Salt Lake City Mayor Erin Mendenhall pointed to Hatch's work on the Americans with Disabilities Act and the Housing and Community Development Act as examples of his "devotion to public service and willingness to reach across party lines for important legislation."

Hatch "leaves a remarkable legacy" on Utah and the U.S., said Ben McAdams, a former U.S. representative and Salt Lake County Mayor. "When people talk about healing the divide in our country, they talk about Orrin Hatch and Ted Kennedy, how they disagreed, remained friends and found solutions."

Utah Senate President J. Stuart Adams also released a statement, saying Hatch was "a titan."

"He valued building consensus over political combat, devoting time and energy to work together to provide answers that would better our state. Sen. Hatch played an indispensable role in passing some of the most significant bipartisan achievements in recent history and was a passionate defender of religious liberty. He has done immeasurable good for our state and lived an amazing life," Adams said.

Gail Miller and Kim Wilson released a joint statement, saying, Hatch "was an incredible leader who exemplified the principles of bipartisanship, civility and respect. He represented not only his constituents, but our nation, as he helped to defend our precious constitution and reshape our federal judicial bench. He fought for freedom and worked tirelessly to ensure future generations would benefit from legislation that would reform taxes, improve health care, and promote technology and innovation, among many other issues."

U. President Taylor Randall tweeted that he was sad to learn of Hatch’s death Saturday, adding that the Orrin G. Hatch Center at the U. will continue to boast the late senator’s legacy.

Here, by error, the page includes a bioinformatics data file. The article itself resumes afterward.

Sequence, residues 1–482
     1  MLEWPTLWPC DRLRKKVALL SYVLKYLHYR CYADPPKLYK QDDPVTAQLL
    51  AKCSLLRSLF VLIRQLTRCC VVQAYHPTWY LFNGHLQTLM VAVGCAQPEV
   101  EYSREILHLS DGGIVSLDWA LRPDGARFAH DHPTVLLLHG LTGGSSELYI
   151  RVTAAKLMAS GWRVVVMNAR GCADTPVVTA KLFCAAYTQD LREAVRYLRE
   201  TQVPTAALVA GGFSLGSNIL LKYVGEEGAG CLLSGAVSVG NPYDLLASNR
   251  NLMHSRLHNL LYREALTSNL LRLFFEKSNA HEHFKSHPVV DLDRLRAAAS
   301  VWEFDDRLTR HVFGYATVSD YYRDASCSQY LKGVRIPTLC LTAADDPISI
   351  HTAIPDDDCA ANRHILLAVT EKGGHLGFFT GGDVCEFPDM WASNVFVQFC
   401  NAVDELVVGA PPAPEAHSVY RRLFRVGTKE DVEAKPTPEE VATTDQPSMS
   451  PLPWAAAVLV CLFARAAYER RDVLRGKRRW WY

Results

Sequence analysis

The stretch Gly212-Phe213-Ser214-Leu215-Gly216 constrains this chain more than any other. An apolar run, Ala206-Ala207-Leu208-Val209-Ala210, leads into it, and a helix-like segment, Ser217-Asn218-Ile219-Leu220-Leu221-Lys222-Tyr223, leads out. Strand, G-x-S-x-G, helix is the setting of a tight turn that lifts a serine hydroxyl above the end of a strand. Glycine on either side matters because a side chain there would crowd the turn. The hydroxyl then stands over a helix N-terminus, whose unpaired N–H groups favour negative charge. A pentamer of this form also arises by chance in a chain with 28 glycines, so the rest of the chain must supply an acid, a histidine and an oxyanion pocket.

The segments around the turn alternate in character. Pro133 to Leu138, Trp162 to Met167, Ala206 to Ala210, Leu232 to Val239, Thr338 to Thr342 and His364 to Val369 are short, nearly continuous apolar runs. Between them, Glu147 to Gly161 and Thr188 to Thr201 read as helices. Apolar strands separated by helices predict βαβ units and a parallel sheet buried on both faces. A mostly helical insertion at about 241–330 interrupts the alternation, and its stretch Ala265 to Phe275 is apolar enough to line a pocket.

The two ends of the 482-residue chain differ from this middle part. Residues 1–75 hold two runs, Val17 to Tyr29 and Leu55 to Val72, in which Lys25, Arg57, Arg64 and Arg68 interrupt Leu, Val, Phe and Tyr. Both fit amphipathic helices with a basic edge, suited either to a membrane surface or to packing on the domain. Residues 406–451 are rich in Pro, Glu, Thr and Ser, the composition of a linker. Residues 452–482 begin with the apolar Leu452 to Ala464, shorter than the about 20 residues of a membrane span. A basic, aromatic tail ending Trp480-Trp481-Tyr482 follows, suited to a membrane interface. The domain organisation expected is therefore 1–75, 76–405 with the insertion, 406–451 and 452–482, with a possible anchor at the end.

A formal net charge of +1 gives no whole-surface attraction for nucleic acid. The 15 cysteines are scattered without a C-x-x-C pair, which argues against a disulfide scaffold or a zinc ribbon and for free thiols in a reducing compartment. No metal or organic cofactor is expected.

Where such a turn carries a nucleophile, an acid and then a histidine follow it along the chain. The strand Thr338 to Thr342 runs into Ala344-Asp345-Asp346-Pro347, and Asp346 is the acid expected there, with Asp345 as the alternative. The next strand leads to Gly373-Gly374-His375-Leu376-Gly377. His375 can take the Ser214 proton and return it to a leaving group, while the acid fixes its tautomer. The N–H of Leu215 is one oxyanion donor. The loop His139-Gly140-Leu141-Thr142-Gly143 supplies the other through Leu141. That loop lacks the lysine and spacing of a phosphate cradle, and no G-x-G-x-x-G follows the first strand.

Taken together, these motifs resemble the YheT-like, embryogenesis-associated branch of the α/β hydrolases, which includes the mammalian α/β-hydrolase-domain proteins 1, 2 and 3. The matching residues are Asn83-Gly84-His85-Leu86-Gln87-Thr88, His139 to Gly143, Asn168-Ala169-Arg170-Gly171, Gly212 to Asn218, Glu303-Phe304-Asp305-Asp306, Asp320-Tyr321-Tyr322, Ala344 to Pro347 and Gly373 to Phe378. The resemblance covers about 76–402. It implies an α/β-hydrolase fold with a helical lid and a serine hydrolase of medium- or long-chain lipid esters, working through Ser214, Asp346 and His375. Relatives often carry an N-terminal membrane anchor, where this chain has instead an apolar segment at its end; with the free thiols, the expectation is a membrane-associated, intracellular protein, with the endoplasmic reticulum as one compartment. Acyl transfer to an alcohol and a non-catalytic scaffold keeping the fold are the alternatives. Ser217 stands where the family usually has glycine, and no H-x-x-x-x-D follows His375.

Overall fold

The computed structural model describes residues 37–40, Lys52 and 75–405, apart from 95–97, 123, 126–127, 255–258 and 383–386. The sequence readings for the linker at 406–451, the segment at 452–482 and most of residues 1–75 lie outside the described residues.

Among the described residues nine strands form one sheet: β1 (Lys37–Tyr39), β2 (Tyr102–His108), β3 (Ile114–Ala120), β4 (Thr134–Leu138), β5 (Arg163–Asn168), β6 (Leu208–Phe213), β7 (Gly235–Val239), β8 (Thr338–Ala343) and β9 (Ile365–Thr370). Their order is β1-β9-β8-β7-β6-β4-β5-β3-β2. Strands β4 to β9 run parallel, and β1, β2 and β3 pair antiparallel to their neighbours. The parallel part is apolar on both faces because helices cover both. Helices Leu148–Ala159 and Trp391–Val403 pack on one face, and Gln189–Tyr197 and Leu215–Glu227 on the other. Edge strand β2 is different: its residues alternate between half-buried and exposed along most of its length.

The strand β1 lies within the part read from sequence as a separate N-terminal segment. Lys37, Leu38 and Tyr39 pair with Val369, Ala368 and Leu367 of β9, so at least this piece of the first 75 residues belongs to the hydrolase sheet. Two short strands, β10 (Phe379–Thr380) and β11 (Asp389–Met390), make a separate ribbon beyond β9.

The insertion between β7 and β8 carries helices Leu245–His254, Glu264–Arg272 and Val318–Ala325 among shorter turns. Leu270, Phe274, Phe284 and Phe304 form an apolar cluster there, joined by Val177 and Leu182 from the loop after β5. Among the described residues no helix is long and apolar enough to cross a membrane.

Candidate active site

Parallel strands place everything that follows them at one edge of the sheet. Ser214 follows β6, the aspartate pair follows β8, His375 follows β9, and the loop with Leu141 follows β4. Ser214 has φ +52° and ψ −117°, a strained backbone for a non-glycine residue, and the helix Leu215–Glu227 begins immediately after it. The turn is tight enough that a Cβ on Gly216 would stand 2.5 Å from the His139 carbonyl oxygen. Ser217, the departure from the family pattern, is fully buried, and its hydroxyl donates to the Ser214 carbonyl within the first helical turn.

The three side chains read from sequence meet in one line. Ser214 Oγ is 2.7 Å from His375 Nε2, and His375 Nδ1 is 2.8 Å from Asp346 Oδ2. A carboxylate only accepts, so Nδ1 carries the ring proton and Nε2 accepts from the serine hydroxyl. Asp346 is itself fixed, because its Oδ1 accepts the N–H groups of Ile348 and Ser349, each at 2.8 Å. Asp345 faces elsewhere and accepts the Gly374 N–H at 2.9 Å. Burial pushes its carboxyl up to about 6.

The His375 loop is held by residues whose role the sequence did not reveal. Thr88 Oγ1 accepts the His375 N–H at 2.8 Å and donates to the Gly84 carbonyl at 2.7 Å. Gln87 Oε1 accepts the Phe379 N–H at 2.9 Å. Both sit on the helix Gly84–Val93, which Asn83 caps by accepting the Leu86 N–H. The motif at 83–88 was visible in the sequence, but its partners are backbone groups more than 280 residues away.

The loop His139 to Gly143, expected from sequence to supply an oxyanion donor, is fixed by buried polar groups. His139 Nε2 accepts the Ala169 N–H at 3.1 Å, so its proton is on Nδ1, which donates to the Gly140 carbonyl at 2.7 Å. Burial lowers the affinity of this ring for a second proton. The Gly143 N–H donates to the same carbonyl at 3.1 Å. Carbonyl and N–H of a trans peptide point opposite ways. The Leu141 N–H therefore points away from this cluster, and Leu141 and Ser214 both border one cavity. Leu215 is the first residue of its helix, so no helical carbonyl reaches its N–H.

Hatch’s “impact on the state, the nation and the University of Utah through the Orrin Hatch Foundation will be felt for generations,” U. officials said.

Jeanetta Williams, president of the NAACP Salt Lake branch said she reached out to Hatch many times for assistance and support on various issues, saying he “always made time to meet and talk with the NAACP.” Hatch, who was a lifetime member of the association, she said, supported the 2006 reauthorization of the highly influential Voting Rights Act, as well as other significant legislation.

"His ability to reach across the aisle defined his career and his character. He will be missed," former Arizona congressman Jeff Flake posted on Twitter, adding he was sad to hear of Hatch's death.

Sen. Amy Klobuchar, D-Minn., who also ran for president in 2020, remembered Hatch for his kindness despite their differences. "There were a lot of differences including party, height, age … you name it … but somehow we always looked for common ground," she tweeted.

Ronna McDaniel, chair of the Republican National Committee, referred to Hatch as "a cherished friend" in a tweet.

"Devastated to learn of the loss of Sen. Orrin Hatch. He was a cherished friend. I met my husband while he worked for the Senator," she said. "We will miss him dearly. He was a statesman that represented the best our country has to offer.